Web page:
Another variation replaces the anise with candied fruits like oranges, pineapples, and figs.
Along with describing his farm-fresh ingredients and “figs at the peak of their ripeness” on his track “Tapas.”
Then I eat a handful of figs and nuts, and either row or rock climb for one hour, to nimble up the mind.
Lamb Shanks with figs and Honeyby Nigella Lawson The Food Network host puts a sweet spin on a savory fall-friendly dish.
Ancient Romans exchanged gifts of figs and honey and would make sure to work part of the day as a good omen for the coming year.
Core large, tart apples and fill the cavities with the figs.
You can't get thorns from figs; you can't expect it from the lower orders.
Now I will not have the trouble of gathering the figs together; they are there all ready for me.
The explanation of the lettering is the same as that given for figs.
"Give your beast these," said the Emperor, handing the keeper several of the figs.
early 13c., from Old French figue (12c.), from Old Provençal figa, from Vulgar Latin *fica, from Latin ficus "fig tree, fig," from a pre-Indo-European Mediterranean language, possibly a Semitic one (cf. Phoenician pagh "half-ripe fig"). A reborrowing of a word that had been taken directly from Latin as Old English fic.
The insulting sense of the word in Shakespeare, etc. (A fig for ...) is 1570s, in part from fig as "small, valueless thing," but also from Greek and Italian use of their versions of the word as slang for "vulva," apparently because of how a ripe fig looks when split open [Rawson, Weekley]. Giving the fig (French faire la figue, Spanish dar la higa) was an indecent gesture of ancient provenance, made by putting the thumb between two fingers or into the mouth, with the intended effect of the modern gesture of "flipping the bird" (see bird (n.3)). See sycophant. Use of fig leaf in figurative sense of "flimsy disguise" (1550s) is from Gen. iii:7.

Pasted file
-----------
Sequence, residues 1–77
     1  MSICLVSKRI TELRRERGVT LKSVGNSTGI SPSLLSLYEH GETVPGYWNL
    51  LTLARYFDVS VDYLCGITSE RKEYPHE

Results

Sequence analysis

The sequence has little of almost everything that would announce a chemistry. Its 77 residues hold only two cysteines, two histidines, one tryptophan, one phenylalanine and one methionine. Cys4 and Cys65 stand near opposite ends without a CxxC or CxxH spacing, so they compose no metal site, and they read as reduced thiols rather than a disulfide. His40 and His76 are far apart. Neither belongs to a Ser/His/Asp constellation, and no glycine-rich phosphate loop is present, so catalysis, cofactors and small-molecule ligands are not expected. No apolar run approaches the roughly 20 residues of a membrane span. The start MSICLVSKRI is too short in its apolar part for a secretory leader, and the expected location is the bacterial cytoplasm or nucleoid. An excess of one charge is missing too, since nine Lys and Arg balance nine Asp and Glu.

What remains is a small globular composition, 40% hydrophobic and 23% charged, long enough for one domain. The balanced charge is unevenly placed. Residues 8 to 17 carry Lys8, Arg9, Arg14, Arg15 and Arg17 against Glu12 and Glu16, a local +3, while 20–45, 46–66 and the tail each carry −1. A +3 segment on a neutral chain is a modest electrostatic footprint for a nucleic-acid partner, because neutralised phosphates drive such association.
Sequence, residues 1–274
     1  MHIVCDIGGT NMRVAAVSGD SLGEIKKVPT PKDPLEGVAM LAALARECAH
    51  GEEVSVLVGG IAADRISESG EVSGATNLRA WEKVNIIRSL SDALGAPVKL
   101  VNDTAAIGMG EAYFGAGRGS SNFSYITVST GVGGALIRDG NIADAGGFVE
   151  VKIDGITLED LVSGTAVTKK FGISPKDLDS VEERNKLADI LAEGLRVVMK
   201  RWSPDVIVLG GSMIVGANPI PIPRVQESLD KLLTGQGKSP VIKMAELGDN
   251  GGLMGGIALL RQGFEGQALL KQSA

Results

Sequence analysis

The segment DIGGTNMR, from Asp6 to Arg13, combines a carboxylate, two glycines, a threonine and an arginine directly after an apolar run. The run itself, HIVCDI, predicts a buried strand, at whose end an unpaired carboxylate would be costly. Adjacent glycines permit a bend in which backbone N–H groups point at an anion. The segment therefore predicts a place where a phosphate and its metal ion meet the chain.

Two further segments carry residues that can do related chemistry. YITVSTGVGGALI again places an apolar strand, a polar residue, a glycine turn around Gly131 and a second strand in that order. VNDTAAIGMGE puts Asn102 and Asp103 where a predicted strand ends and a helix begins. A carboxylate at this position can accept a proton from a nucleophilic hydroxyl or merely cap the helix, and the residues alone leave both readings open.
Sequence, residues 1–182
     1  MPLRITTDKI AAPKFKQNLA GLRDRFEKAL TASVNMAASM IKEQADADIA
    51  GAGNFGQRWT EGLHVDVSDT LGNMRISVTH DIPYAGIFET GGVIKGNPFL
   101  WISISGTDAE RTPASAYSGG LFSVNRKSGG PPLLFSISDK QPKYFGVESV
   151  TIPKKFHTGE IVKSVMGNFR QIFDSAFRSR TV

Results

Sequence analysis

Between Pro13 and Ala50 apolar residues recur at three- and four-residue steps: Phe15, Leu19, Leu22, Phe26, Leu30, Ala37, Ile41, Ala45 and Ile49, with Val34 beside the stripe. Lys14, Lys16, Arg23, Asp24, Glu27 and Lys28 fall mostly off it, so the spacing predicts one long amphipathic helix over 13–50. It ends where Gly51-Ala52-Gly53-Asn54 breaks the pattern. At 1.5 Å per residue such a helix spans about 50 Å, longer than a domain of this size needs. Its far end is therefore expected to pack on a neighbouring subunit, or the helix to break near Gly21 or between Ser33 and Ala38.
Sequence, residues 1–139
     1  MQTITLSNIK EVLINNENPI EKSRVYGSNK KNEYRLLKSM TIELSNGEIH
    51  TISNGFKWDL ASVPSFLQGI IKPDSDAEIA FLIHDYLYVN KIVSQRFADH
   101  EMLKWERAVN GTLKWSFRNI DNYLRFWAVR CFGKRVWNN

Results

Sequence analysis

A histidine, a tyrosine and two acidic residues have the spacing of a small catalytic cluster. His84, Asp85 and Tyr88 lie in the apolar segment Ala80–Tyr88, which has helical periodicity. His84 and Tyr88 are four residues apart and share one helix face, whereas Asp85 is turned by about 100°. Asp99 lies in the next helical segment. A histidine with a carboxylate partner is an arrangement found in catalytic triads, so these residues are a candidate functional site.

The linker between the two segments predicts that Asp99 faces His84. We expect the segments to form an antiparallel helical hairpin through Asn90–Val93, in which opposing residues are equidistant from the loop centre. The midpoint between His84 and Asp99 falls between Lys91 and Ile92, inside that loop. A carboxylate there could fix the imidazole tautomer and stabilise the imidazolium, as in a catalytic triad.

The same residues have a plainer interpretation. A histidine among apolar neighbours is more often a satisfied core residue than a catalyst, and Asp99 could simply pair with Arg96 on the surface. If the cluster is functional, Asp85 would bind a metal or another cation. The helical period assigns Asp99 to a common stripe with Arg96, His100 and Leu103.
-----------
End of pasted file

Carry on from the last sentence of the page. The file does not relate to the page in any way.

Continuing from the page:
The amount of money won or lost by a gambler
[1990s+ Gambling; fr figure]
First mentioned in Gen. 3:7. The fig-tree is mentioned (Deut. 8:8) as one of the valuable products of Palestine. It was a sign of peace and prosperity (1 Kings 4:25; Micah 4:4; Zech. 3:10). Figs were used medicinally (2 Kings 20:7), and pressed together and formed into "cakes" as articles of diet (1 Sam. 30:12; Jer. 24:2). Our Lord's cursing the fig-tree near Bethany (Mark 11:13) has occasioned much perplexity from the circumstance, as mentioned by the evangelist, that "the time of figs was not yet." The explanation of the words, however, lies in the simple fact that the fruit of the fig-tree appears before the leaves, and hence that if the tree produced leaves it ought also to have had fruit. It ought to have had fruit if it had been true to its "pretensions," in showing its leaves at this particular season. "This tree, so to speak, vaunted itself to be in advance of all the other trees, challenged the passer-by that he should come and refresh himself with its fruit. Yet when the Lord accepted its challenge and drew near, it proved to be but as the others, without fruit as they; for indeed, as the evangelist observes, the time of figs had not yet arrived. Its fault, if one may use the word, lay in its pretensions, in its making a show to run before the rest when it did not so indeed" (Trench, Miracles). The fig-tree of Palestine (Ficus carica) produces two and sometimes three crops of figs in a year, (1) the bikkurah, or "early-ripe fig" (Micah 7:1; Isa. 28:4; Hos. 9:10, R.V.), which is ripe about the end of June, dropping off as soon as it is ripe (Nah. 3:12); (2) the kermus, or "summer fig," then begins to be formed, and is ripe about August; and (3) the pag (plural "green figs," Cant. 2:13; Gr. olynthos, Rev. 6:13, "the untimely fig"), or "winter fig," which ripens in sheltered spots in spring.